It is a fact, that people can not have their personal driving ability judged by some statistical trend/average.

    Adam, Hants
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    Honor is absolutely right again.
    However this report does not include damage only incidents and one in the early 80s suggested that men have high speed, higher damage level accidents where people are injured whereas women have low speed, lower damage level accidents often damage only.
    The headline men are more likely to crash than women may or may not be true if you include all crashes, injury and damage only.
    The jury should still be out but I think that we have to accept that male driving behaviour will be generally more aggressive and therefore they are more likely than women to be involved in a crash.

    Peter, London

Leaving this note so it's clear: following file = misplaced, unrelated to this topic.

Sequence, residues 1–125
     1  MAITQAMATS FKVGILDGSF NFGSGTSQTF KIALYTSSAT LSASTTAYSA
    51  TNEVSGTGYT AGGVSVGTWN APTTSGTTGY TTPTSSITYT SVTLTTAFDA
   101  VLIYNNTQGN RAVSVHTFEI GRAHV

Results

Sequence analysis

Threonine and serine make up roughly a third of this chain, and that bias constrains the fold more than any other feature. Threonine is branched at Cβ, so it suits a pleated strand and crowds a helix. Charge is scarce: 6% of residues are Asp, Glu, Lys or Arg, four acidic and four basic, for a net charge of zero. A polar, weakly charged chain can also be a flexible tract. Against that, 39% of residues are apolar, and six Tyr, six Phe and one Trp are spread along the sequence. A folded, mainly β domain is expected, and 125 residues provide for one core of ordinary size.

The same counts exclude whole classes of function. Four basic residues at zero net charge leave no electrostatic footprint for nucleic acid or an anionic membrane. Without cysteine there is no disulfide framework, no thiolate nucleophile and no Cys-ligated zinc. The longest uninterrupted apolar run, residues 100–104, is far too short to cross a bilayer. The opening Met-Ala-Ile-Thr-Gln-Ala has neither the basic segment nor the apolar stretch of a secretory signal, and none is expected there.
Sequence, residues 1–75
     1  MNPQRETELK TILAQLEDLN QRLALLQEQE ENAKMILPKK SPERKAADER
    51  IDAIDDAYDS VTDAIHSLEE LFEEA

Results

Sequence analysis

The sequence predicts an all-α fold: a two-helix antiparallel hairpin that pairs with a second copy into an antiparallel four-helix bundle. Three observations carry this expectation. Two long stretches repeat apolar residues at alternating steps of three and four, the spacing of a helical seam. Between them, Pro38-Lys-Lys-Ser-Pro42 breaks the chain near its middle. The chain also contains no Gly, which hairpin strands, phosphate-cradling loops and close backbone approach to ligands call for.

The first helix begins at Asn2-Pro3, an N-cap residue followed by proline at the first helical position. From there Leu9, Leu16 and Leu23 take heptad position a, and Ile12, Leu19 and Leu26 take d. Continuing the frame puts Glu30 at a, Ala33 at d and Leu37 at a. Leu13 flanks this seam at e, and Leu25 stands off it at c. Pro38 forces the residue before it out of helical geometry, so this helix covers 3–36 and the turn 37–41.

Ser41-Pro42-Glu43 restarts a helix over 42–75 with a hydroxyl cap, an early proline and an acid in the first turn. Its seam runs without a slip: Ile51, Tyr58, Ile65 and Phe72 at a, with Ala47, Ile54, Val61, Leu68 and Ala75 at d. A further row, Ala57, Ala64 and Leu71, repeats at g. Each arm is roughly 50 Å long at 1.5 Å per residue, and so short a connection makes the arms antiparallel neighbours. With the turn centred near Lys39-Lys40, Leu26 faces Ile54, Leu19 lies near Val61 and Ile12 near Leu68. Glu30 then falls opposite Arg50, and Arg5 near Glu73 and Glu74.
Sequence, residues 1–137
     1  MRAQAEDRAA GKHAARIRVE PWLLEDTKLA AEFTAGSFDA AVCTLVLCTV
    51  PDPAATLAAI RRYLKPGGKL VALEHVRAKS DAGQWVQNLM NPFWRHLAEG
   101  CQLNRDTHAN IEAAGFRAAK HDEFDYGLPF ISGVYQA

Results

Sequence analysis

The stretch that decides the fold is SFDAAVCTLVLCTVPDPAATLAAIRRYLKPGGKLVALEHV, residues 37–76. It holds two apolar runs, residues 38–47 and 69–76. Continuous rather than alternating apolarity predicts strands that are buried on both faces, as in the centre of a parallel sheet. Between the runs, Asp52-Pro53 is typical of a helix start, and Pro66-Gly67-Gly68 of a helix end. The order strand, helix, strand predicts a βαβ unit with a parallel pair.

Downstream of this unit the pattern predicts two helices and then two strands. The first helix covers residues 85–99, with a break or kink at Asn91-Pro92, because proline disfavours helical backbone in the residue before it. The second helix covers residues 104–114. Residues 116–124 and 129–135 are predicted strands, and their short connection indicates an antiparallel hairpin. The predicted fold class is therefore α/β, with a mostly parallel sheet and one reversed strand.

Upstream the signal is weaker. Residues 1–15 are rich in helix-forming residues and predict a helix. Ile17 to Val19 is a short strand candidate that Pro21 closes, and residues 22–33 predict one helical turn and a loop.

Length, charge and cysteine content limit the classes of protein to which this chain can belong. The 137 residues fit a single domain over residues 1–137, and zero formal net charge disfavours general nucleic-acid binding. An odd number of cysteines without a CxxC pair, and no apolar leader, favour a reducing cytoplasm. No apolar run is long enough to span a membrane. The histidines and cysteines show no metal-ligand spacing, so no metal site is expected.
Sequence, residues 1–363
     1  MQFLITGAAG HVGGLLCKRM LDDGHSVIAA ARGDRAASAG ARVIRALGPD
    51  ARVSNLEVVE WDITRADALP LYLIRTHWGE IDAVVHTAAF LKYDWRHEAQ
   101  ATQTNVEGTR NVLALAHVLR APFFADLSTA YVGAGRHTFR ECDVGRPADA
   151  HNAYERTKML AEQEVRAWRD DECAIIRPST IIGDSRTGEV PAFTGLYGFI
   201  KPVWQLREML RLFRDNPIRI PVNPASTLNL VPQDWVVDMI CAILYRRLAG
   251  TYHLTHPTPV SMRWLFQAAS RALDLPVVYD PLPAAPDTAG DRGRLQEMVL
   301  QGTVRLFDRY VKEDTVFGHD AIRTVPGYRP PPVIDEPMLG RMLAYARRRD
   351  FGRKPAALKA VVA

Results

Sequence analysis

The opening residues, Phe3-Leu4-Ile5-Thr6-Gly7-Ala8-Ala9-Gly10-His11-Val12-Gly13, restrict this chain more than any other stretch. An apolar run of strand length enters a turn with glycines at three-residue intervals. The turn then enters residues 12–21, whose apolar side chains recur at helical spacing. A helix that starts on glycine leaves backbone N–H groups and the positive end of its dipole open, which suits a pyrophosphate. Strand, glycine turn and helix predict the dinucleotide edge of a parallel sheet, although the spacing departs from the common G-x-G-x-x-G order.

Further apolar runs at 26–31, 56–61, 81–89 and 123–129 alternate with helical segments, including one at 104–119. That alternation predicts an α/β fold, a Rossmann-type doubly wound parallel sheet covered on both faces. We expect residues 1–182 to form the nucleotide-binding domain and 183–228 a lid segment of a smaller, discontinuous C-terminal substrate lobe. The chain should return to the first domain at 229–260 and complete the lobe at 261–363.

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    Some years ago I researched into the different types of injury collisions that men and women were involved in, in Sheffield. The DfT at the time said the increase in the number of women drivers involved in collisions was matched and might be explained by the increase in the number of women drivers on the roads (1990s). However my findings were that men were involved in more serious collisions and that the types of collisions were different. Thus male drivers were more likely to be involved in drink driving collisions, poor overtaking collisions, single vehehicle loss of control collisions, and generally driving too fast. Their collisions involved inappropriate behaviour. Women drivers were more like to be involved in collisions at the major junctions, in collisions that were less serious in terms of injury outcome. If there was a shunt collision, the male driver was more likely to have been the driver who shunted into the other one. There was some evidence however that some women drivers were involved in collisions that were more typical of those that male drivers were normally involved.